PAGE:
4 Steps You Must Take to Fund Your 401(k) and IRA Retirement Accounts
We all know the importance of saving for retirement. It’s been hammered into us for years now.However, the number of people who do not understand how to fund their retirement accounts is truly surprising.
The right steps will help ensure that you get started on the right foot and have the nest egg you need when retirement rolls around.
The wrong steps might leave you with little or nothing.
What can you do?
Obviously, the first step is to realize that you need to save for retirement.
Next, you need to plan for retirement prudently, which means you need to determine what age you want to leave the workforce, the amount you’ll need to spend to live comfortably, and how much you need to save in order to reach those goals.
Now, it might seem like the next step would be to just start putting money into your retirement accounts, but that’s not actually the case.
The reason for this is simple – determining which of the many types of retirement accounts are right for you can be very hard to do. You have more than a few options, including IRAs, Roth IRAs, 401(k) accounts, 403(b) and 457 plans, deferred annuities and much more.
Which is right for you? What order should you fund them in?
For the vast majority of Americans, the default choice is a 401(k) plan. They’re good options for many needs and are relatively easy to understand. They also make great choices if your employer offers dollar-to-dollar contribution matching, essentially giving you free money.
IRAs are a little different. If you have earned income, then IRAs can be highly beneficial in boosting your retirement savings.
Retirement Accounts: The Differences
401(k) plans have higher contribution limits, and self-managed IRAs offer unlimited investment options.
401(k) plans and traditional IRAs offer upfront tax breaks with “qualified distributions,” while Roth IRA contributions cannot be deducted (although distributions are not taxed).
Ideally, you’ll use both a 401(k) plan and IRAs to fund your retirement, but we’ll break each down separately below for clarity.
Retirement Accounts: Steps to Funding
First, understand that 401(k) plans might be the most common type of retirement accounts in the US, but that doesn’t mean they’re the best. They tend to be somewhat costly. You’ll end up paying somewhere around $6.30 for every $1,000 you invest, according to an article on Bankrate.
Regardless, if you’re using a 401(k) plan, then you need to verify that your employer offers company contribution matching. Check with the HR department or your employee handbook for these details.
Many employers will match your contributions dollar for dollar up to about 6% of your annual salary. So, if you earn $50,000 per year, and you deposit $3,000 of that into your account, then your employer will match it with $3,000.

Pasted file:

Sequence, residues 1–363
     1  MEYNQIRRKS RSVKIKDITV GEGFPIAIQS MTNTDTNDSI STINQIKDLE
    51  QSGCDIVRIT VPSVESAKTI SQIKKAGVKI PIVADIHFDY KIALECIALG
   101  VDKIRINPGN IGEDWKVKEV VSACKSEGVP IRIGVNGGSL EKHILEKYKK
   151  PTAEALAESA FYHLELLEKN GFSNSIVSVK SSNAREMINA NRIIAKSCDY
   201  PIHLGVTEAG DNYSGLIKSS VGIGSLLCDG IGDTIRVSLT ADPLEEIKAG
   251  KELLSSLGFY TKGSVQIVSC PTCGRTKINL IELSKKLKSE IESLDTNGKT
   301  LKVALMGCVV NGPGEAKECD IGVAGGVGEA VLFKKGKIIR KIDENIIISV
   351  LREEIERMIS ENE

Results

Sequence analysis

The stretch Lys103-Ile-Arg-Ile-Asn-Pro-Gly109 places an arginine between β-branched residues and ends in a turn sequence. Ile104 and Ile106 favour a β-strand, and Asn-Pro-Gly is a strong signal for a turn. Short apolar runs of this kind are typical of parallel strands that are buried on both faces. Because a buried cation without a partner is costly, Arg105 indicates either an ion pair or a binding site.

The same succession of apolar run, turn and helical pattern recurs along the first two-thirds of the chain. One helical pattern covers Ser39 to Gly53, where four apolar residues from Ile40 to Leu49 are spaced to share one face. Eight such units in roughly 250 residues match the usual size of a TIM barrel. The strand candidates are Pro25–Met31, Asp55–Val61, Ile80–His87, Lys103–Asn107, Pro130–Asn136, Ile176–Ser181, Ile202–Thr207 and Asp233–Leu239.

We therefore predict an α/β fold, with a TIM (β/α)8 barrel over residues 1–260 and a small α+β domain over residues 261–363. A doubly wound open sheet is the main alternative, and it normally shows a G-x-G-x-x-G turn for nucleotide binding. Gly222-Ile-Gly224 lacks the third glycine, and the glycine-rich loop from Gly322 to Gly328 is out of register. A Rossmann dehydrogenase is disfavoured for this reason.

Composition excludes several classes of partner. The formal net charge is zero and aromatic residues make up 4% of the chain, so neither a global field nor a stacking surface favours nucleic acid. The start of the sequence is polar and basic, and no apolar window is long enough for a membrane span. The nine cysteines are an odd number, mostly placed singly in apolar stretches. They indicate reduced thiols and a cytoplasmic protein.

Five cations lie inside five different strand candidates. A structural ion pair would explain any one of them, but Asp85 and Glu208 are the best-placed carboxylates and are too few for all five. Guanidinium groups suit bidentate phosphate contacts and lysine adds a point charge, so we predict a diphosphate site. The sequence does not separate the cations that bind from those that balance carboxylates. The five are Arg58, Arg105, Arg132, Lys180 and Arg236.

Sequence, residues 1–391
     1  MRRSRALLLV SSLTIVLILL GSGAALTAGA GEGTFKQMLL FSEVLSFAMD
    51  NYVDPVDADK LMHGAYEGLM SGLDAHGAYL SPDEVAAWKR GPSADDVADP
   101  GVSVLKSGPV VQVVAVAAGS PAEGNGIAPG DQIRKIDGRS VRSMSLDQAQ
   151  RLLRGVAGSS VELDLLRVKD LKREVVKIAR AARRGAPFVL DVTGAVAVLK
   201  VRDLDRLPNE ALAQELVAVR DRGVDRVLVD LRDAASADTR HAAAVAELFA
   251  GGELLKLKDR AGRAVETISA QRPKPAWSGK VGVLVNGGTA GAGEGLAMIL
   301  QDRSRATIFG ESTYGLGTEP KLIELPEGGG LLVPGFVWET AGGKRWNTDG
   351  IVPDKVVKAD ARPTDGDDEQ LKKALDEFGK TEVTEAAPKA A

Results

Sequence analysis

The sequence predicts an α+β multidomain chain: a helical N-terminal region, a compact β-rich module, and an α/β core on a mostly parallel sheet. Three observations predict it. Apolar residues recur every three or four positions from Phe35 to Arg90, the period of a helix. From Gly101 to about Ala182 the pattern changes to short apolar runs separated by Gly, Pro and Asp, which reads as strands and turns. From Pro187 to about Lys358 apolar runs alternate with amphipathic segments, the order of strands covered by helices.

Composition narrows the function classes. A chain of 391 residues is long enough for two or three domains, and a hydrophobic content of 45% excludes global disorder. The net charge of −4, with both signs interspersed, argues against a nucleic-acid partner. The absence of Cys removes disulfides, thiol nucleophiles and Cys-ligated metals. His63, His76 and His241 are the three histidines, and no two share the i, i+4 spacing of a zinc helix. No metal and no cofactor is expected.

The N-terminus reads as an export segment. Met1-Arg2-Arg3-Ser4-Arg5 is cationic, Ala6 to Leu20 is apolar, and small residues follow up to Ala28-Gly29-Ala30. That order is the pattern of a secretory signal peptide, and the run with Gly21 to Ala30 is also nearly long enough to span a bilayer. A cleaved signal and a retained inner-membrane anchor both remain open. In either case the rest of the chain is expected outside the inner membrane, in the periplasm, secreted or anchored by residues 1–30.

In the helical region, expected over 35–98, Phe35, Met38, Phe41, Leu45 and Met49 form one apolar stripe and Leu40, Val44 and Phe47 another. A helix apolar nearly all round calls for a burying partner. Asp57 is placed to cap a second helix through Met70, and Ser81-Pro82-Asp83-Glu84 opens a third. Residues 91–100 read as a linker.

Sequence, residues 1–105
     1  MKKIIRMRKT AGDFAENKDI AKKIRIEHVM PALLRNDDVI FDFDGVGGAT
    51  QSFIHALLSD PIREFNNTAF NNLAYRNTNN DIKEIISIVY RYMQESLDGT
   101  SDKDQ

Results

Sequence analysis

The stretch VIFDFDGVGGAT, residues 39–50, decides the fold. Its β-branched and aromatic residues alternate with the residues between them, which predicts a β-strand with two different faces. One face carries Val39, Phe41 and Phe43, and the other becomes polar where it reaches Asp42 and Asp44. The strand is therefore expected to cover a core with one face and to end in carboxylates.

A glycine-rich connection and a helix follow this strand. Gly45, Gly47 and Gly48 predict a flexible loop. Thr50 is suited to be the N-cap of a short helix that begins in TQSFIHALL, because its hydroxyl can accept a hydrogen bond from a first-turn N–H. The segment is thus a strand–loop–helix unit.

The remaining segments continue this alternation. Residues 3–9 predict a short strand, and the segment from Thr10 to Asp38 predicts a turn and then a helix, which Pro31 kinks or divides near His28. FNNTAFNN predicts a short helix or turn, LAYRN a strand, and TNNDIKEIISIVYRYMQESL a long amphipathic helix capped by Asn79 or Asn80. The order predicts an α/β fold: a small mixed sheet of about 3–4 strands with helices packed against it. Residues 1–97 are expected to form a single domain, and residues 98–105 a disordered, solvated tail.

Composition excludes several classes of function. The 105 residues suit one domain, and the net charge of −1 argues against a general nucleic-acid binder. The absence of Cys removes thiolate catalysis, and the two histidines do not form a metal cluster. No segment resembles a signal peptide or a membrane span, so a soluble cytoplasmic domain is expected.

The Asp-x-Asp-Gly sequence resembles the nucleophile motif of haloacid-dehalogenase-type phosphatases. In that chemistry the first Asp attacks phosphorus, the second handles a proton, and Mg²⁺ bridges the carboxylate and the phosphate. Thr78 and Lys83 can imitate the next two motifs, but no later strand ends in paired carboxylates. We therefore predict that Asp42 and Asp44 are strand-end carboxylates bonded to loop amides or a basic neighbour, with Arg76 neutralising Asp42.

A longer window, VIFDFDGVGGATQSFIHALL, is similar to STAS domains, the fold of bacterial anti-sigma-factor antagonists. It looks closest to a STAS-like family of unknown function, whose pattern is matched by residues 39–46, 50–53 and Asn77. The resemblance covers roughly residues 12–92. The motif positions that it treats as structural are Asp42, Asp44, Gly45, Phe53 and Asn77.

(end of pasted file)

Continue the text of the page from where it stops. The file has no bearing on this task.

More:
Next, you want to start looking at IRAs. You will need to contribute as much as you can here. You can opt for either a traditional IRA or a Roth IRA (if you’re in a lower tax bracket, then a Roth IRA is the better choice, but this also works if you have a high income and your contributions to a traditional IRA are not deductible). Max out your contributions here.
Now, you need to take another look at your 401(k) plan.
If you have money left over after contributing to your 401(k) the first time and your IRA, it’s time to put some more into the 401(k) plan, even if you’ve already maxed out your available employer matching. You can contribute up to $18,000 per year in this account, which is significantly higher than what you can add to an IRA. If you’re over 50 years of age, you can contribute up to $ 24,000 annually.
In addition, remember that anything you add to this account enjoys tax-free growth, meaning you can protect it from the IRS.
As a note, if your employer does not offer contribution matching, you should reverse the steps above and choose an IRA first before considering a 401(k) account.
While many employers do offer contribution matching, it’s not a universal practice. In this case, pick an IRA and then max out your contributions for the year.
Then, you can start your 401(k) plan after you’ve maximized the benefits available to you through an IRA.
When everything is said and done, you need to save as much for retirement as possible. Remember that the future return on any investment might be very low, so the sooner you start saving, and the savvier you are with your retirement accounts and how you fund them, the more stability you will enjoy in retirement.
It’s highly recommended that you save at least 20% of your annual income, but more is definitely better.
To achieve this level of savings, many people will find that they need to live below their means. That can be a challenge at first, but spending less and earning more can have a profound effect on your ability to live comfortably in retirement, or even retire early.
Also, you should understand what types of retirement accounts you should use and where your money should be allocated.
While stock market booms may make this an attractive option, remember that volatility can devastate your savings. Individual bonds provide a reliable return for investment portfolios.
Also, income from interest received on bonds is taxed as ordinary income, rather than capital gains, so it is wise to maximize your bond holdings in IRA accounts. Stock holdings should be maintained in general investment accounts.